are returning to their true colors—

how the necessary chlorophyll disguises

what’s really inside.

 

What I’m trying to say is look at the leaves

outside the window, see how vibrant they are?

I am trying to love like that,

every day, the colors more true.

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Today I woke in the dark and was busy

making lunches during the sunrise,

though surely it happened. And I drove

 

in the low morning light along

the San Miguel River for half an hour,

not once noticing the color of the water,

 

the scent on the banks, though past

experience leads me to believe

that there were thousands, millions,

 

of tiny beautiful miracles happening

there in that half hour alone. How much

beauty is lost on me every day, every moment?

 

Though as I stepped out of the car

to walk into work, I saw, stuck to my boot, one

brilliant orange aspen leaf outlined in gold,

 

and for a whole minute, I stared at it,

marveled at its symmetrical veins,

its delicate stem, the astonishing intricacy

 

of its edges. How easily gloriousness finds us, sticks

to us even. How wholly available, this art

of meeting the glittering, luminous world.

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In Mid-September

 

 

Summer travels beyond itself and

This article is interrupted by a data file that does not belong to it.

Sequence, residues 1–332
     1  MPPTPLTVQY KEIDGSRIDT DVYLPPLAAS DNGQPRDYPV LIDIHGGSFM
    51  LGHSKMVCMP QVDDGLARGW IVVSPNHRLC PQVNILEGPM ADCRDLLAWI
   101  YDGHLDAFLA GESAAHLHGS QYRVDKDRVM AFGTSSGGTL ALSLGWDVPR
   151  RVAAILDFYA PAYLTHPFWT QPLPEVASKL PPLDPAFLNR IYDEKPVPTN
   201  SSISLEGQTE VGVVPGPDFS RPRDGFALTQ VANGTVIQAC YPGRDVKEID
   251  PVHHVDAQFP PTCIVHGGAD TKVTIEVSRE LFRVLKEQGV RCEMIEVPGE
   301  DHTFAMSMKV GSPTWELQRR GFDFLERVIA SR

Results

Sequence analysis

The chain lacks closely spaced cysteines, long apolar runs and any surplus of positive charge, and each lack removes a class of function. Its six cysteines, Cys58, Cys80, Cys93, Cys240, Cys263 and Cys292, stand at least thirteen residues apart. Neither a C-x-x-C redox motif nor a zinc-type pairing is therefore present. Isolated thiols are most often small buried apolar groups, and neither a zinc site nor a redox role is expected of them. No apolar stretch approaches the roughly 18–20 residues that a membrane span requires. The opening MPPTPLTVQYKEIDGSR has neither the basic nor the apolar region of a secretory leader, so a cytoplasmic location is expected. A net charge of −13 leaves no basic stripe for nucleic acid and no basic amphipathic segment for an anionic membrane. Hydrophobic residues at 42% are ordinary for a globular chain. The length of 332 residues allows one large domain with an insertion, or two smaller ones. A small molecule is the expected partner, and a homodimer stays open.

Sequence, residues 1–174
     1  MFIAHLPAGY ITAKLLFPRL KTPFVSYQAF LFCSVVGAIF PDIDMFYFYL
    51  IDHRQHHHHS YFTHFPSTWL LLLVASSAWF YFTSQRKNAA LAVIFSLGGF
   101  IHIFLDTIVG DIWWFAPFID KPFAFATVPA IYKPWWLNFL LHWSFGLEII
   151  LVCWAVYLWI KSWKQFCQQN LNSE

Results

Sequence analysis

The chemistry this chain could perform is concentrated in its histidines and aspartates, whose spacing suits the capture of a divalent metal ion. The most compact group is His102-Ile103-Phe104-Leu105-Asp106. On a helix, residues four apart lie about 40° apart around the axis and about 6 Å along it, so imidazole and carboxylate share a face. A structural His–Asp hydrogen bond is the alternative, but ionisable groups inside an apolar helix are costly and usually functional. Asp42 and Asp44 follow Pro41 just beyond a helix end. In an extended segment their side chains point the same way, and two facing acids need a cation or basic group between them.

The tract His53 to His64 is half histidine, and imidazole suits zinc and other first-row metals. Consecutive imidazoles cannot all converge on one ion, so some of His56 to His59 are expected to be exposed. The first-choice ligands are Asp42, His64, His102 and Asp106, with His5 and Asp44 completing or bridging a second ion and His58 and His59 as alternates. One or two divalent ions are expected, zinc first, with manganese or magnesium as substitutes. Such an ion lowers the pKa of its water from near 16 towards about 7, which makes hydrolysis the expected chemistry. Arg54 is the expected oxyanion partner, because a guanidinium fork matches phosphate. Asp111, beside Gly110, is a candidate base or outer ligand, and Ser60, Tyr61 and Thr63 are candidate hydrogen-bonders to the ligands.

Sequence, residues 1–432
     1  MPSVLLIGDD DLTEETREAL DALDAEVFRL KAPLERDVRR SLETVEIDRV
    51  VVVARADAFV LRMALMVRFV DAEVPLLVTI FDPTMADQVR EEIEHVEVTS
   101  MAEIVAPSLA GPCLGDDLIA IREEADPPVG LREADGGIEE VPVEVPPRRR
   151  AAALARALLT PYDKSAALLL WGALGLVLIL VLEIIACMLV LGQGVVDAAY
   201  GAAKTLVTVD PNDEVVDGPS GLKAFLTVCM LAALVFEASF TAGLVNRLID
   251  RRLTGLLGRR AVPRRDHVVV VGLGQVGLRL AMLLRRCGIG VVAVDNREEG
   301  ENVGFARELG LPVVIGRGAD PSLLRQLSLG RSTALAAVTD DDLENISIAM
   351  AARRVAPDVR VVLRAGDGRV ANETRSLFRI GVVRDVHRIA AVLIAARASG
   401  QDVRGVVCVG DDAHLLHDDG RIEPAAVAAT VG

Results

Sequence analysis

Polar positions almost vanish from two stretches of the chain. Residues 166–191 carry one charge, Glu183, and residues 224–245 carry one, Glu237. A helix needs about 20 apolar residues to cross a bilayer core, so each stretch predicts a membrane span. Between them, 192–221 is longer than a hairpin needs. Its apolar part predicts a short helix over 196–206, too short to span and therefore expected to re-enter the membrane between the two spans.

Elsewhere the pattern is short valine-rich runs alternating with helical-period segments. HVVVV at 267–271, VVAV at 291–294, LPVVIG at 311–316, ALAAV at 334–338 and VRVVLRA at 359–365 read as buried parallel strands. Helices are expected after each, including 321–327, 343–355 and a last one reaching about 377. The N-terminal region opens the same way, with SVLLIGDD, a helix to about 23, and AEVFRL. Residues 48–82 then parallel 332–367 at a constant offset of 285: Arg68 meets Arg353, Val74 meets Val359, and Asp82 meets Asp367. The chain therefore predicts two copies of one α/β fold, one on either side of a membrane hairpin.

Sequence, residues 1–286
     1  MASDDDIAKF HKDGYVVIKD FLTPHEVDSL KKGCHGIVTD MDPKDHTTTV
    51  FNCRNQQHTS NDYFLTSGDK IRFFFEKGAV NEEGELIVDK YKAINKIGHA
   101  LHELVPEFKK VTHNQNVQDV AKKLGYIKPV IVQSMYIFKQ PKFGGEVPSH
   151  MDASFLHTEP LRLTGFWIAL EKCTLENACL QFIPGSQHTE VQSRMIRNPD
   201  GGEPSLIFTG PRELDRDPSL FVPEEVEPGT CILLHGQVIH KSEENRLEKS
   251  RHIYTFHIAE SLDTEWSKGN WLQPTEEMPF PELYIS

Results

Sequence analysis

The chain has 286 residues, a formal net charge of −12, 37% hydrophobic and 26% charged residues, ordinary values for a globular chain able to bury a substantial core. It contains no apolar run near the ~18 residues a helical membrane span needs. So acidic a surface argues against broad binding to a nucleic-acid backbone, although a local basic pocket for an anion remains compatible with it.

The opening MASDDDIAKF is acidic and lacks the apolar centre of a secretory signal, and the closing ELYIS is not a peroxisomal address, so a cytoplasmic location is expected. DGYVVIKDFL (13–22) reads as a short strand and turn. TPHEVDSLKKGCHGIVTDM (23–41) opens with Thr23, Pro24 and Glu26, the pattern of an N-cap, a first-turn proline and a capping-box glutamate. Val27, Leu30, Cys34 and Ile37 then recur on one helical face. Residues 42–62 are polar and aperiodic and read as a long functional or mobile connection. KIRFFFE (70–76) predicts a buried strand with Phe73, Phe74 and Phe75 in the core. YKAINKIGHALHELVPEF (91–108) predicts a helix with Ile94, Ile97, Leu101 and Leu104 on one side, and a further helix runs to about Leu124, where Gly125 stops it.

warms the stones and gives

the flowers more of what they love.

 

it is like a lover who, though he

has told you he is leaving, returns

and kisses you until you are panting,

 

makes you believe he will always

hold you. But then, even as your lips part

and you lean in, he is gone again,

 

taking his warmth with him,

leaving your skin somehow more fragile

in the thin autumn air.

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Katabatic

 

 

The leaves debate the wind.

We all know who will win.

There is no sound in the fall.

 

Whatever we might do here

amounts to little more than their rustling,

perhaps not even that.

 

Scratch of the branch

at the window. And then

it is silent.

 

 

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Perhaps not as many days of sun

as they might have wanted,

perhaps not as much warmth,

perhaps not as much rain—

rain that soaks in like a lover’s

lingering glance, and still

beside the trail in late fall

they are everywhere,

the seeds of next year’s flowers

giving their everything to the world.

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On the Edge of Cold

 

 

They will say it is impossible,

but I want to give you things

they say no one can keep—

the scent on the trail

this morning, a golden smell,

and the amber light inside it.

Or the pause before the dance

commences. Or the moment

when falling becomes flying.

 

I want to give you elusive things—

the moon in the river, the way

the sunset turns the whole world

to rose, the feeling that love

not only is possible, it’s as

inevitable as blinking, as

unavoidable as noon.

 

It is not too late. In fact,

already we are here.